Acton Institute Powerblog Archives

Post Tagged 'Minimum wage law'

10 Things You Should Know About the Minimum Wage Debate

Since 1938, when President Franklin Delano Roosevelt introduced the first federal minimum wage in the U.S., a debate has raged about whether wage floors help or hurt workers. But thanks to a radical economic experiment in California, we may be only a few years away from having a definitive answer. Continue Reading...

Why Does the New York Times Want to Hurt the Poor?

While it may be difficult to imagine, there was once an era when the New York Times was concerned about the poor. Consider, for example, a 1987 editorial they ran with the headline, “The Right Minimum Wage: $0.00.” As the editors noted at the time, [Raising the minimum wage] would increase unemployment: Raise the legal minimum price of labor above the productivity of the least skilled workers and fewer will be hired. Continue Reading...

How to Prove That Everyone Knows Raising Minimum Wages Increases Unemployment

Yesterday I mentioned that translating economic principles into intuitive concepts is one of the most urgent and necessary tasks to prevent such evils as harm to the poor. Today, William Poole provides an excellent example of what is needed with his “common-sense thought experiment” on minimum wage increases: Suppose Congress were to enact a minimum wage $50 higher than the current one of $7.25 per hour. Continue Reading...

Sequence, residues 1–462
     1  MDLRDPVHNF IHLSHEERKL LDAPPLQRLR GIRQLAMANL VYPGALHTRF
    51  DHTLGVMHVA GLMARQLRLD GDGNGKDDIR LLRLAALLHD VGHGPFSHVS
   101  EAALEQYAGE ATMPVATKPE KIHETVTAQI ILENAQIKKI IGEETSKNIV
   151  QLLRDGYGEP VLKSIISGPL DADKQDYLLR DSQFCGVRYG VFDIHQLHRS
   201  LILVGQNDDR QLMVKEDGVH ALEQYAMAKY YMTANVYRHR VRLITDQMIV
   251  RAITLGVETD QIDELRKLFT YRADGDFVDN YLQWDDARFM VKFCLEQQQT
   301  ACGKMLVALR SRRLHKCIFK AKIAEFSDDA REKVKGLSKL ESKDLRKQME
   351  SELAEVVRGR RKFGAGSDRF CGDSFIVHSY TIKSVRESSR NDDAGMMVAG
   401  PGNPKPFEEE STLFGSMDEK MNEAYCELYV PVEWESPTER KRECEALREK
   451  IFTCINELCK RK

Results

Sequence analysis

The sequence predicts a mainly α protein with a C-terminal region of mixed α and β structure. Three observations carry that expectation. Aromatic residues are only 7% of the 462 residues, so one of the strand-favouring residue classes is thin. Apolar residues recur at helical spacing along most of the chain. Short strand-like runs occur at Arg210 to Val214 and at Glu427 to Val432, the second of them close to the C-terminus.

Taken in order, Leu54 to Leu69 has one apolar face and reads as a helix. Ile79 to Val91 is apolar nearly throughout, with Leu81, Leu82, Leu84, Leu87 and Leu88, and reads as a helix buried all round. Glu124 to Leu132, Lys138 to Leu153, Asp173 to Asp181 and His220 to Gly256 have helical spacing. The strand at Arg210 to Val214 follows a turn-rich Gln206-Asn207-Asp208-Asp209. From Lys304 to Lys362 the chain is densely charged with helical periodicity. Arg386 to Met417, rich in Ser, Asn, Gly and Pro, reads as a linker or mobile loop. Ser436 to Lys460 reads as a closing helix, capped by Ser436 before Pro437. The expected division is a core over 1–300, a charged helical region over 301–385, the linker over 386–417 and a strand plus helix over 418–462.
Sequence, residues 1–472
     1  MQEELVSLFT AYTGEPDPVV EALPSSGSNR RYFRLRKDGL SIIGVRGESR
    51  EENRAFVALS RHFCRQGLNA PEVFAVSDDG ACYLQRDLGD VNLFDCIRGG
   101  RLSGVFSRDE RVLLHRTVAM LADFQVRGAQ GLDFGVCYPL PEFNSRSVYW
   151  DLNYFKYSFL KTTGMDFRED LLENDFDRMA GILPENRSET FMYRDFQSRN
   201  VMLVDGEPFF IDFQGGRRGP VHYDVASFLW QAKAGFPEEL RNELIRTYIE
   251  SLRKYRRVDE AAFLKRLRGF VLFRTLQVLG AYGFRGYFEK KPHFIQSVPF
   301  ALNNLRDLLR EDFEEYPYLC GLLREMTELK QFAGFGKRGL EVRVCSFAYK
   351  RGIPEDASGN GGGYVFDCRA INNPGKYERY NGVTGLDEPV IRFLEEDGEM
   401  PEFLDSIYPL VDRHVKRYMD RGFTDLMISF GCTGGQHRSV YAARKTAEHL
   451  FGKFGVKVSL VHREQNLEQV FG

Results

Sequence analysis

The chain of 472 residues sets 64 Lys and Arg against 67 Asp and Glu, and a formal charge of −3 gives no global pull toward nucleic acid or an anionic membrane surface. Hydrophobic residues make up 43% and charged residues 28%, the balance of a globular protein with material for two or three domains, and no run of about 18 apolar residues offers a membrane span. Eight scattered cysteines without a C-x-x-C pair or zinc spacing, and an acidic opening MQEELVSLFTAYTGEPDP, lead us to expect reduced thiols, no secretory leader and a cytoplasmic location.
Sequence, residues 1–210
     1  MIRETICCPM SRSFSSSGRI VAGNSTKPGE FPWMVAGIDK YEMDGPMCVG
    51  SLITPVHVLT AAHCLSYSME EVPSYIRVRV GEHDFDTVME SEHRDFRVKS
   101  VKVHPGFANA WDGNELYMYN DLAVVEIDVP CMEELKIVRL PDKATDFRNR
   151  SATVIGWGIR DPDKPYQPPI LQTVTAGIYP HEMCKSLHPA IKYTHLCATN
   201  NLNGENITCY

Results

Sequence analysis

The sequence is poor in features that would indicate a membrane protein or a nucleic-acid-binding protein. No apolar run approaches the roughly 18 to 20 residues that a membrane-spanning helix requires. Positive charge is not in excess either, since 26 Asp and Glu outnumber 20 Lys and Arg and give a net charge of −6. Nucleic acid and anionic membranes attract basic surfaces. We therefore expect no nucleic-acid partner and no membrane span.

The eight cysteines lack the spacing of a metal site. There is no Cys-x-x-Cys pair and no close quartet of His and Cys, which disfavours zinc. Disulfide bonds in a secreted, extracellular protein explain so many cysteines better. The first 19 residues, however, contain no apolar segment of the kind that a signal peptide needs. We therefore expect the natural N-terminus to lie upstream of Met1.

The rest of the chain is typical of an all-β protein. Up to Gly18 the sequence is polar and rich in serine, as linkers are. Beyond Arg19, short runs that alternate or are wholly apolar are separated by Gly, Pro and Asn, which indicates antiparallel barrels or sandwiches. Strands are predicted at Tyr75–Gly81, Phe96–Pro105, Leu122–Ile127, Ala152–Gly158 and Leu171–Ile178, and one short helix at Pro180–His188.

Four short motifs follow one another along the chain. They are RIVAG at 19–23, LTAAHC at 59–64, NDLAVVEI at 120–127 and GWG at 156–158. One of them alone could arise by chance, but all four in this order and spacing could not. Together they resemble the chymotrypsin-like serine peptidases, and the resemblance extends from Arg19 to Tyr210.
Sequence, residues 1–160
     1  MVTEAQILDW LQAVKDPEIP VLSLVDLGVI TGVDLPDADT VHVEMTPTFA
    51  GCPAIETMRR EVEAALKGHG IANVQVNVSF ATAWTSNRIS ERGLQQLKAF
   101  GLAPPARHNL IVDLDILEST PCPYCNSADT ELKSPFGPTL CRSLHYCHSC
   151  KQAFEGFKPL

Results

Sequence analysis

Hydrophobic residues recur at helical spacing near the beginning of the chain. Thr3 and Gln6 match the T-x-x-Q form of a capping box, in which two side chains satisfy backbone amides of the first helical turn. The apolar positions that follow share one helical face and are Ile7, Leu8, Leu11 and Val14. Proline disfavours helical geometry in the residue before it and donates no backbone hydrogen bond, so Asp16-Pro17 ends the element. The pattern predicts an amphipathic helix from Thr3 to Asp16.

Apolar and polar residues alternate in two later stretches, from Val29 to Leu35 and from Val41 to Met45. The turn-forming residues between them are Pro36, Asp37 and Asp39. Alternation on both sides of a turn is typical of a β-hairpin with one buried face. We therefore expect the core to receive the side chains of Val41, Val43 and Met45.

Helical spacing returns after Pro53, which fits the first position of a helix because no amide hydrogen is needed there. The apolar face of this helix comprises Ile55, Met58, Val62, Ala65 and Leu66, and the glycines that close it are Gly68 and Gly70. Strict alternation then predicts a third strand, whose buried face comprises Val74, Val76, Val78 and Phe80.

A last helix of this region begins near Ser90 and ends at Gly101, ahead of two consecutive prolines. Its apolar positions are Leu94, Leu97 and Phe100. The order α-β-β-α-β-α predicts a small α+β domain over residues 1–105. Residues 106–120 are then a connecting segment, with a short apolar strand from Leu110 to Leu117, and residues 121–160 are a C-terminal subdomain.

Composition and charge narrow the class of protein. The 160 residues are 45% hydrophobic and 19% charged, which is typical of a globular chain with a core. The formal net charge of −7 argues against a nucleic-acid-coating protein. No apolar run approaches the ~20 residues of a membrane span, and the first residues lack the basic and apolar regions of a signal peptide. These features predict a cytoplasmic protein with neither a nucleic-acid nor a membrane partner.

The Forgotten Man at the Piggly Wiggly

“Want a job at the Pig?” asked my best friend Steve. By my reaction, you would have thought he’d asked if I wanted a date with Kathy Ireland rather than inquiring about a job as a grocery sacker at the Piggly Wiggly. Continue Reading...

The Minimum Wage Workforce Myth

During his recent State of the Union address, President Obama argued for increasing the federal minimum wage: Even with the tax relief we put in place, a family with two kids that earns the minimum wage still lives below the poverty line. Continue Reading...